Plus Ed Helms talks about his time as The Once-ler in 'The Lorax'
I feel like there are certain people I've interviewed to the point of familiarity, and in each case, I'm glad it's these people that are the ones I see over and over.
It becomes easier and easier to just pick up the conversation where we left off and talk about the new thing and talk about their craft, and it's better, I think, for you as the reader. You're going to see a more relaxed version of this person, and that's going to mean you'll get something more genuine out of them.
Case in point, there's this set of interviews from "Jeff Who Lives At Home," the new film from the Duplass Brothers. It's weird how omnipresent they seem at this moment. For example, today, I went to a SXSW screening of their film "The Do-Deca Pentathalon," and then I got out and started writing up these interviews for their other film "Jeff Who Lives At Home," which I've been writing about since Toronto last year. Mark was also in "Your Sister's Sister" and "Safety Not Guaranteed" at Sundance, and we talked to him about all of those.
Veteran actor talks about waking young people up to social conscience
Donald Sutherland is a titan, and it is a genuine pleasure to get a chance to engage him in conversation.
Sure, I wish it had been in circumstances other than the sort of forced five-minute intimacy of a press junket, but for a guy like this, you take what's offered. His career has been filled with so many remarkable and eccentric high points that it's hard to even know where to start complimenting him or how to even dig into his body of work.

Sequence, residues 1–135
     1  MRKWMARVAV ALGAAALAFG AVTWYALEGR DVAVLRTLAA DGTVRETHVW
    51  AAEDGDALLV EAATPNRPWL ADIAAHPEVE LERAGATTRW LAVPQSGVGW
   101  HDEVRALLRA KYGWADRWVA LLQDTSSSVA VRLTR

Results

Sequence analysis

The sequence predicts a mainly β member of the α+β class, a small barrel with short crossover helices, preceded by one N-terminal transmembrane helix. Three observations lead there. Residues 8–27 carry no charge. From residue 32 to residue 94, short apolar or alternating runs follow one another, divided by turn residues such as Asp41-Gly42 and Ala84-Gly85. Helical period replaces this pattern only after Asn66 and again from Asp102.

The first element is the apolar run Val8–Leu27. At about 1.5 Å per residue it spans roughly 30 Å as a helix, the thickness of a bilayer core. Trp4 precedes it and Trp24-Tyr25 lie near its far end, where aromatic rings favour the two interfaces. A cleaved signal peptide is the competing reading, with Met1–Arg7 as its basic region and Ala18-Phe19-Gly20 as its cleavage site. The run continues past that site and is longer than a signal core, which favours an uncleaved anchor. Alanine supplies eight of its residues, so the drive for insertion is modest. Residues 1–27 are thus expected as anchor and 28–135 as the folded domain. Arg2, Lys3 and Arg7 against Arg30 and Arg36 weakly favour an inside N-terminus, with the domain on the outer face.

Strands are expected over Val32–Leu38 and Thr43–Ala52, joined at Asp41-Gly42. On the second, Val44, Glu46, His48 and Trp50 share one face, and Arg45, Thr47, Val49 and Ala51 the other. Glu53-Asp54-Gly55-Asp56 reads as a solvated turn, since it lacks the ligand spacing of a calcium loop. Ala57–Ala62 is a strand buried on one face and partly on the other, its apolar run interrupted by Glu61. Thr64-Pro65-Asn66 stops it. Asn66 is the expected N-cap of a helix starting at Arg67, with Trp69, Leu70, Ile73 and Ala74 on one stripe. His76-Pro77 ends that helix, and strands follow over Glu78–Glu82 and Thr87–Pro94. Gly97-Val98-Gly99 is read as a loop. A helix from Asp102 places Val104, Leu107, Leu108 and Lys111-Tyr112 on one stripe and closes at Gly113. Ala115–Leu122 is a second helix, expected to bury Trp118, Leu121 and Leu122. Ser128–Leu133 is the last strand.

His presence as President Snow in "The Hunger Games" is crucial. Although Snow plays a key role in the trilogy as a whole, he's really not a figure of any weight in the first book. In adapting it, Gary Ross has built Snow into the film organically, and I think he is an important part of the film as a whole. He has to be. If you're going to really make the final film pay off, you need to introduce Snow as early as possible.
It also helps that they cast Sutherland, because he's a smart actor who brings this real weight of experience to the table. I think one of the things that made him such a popular presence in films is that laser-sharp intelligence of his. He was the perfect Hawkeye in "M*A*S*H*" because it seemed impossible that he could ever lose any verbal joust. He's drawn from the tradition of a Groucho Marx or a Bugs Bunny. He not only enjoys the contest that good repartee can be, he is also unquestionably great at it.
A spirited conversation with some of the major supporting players from the film
It's a rule of on-camera interviews that you don't really want to sit down with more than two people at the same time. Groups of three can be hard, even when all three people are ready and willing, because of the logistics of it. You're talking about four to six minutes with four people in a conversation. That's a sprint, no matter what, and it worries me walking into a room.